LONDON (Reuters)—People across the world are confused about the major threat to public health posed by drug-resistant superbugs and do not know how to stop that risk growing, the World Health Organization (WHO) said on Monday.
Ramping up its fight against antibiotic resistance with a survey of public awareness, the United Nations health agency said 64% of those asked believed wrongly that penicillin-based drugs and other antibiotics can treat colds and flu, despite the fact such medicines have no impact on viruses.
Around a third of people surveyed also wrongly believed they should stop taking antibiotics when they feel better, rather than completing the prescribed treatment course, the WHO said.
“The findings … point to the urgent need to improve understanding around antibiotic resistance,” said Keiji Fukuda, the WHO’s special representative for antimicrobial resistance.
“One of the biggest health challenges of the 21st century will require global behavior change by individuals and societies.”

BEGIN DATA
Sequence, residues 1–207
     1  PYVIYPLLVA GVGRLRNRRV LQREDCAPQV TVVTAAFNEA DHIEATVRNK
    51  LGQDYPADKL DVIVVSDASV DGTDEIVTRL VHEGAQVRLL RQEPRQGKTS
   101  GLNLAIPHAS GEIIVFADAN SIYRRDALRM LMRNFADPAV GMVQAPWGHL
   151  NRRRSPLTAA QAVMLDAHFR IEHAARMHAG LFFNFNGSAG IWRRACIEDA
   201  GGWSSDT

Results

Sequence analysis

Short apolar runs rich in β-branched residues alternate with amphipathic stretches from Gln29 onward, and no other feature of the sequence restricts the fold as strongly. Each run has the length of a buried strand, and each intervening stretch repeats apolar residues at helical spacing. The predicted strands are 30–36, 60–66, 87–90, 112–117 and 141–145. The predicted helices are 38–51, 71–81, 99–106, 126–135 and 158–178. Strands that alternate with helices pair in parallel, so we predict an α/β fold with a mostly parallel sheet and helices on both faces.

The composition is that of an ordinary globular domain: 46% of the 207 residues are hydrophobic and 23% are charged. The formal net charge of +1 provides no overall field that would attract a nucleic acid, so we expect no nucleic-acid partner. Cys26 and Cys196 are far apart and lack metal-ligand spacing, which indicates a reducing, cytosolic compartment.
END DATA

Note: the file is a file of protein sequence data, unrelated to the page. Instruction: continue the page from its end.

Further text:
Over-use and misuse of antibiotics are the drivers of antibiotic resistance. Superbug infections—including multi-drug-resistant forms of tuberculosis, typhoid and gonorrhea—kill hundreds of thousands of people a year, and the trend is growing.
“The rise of antibiotic resistance is a global health crisis,” the WHO’s director-general Margaret Chan said in a statement. “It is reaching dangerously high levels in all parts of the world.”
The WHO surveyed 10,000 people across 12 countries—Barbados, China, Egypt, India, Indonesia, Mexico, Nigeria, Russia, Serbia, South Africa, Sudan and Vietnam—and found many worrying misconceptions.
Three quarters of respondents wrongly think antibiotic resistance means the body is resistant to the drugs.
Some 66% believe individuals are not at risk of a drug-resistant infection if they personally take their antibiotics as prescribed. An equal number thinks antibiotics can be used to treat viral infections and one third think they can stop taking antibiotics when they feel better rather than taking the full course, a practice that contributes to antibiotic resistance.
The WHO survey was released today to coincide with the first World Antibiotic Awareness Week, Nov. 16–22.
The WHO has launched a campaign, “Antibiotics: Handle With Care,” to increase awareness of global antibiotic resistance and to encourage best practices among the general public, health workers and policy makers to avoid the further emergence and spread of antibiotic resistance.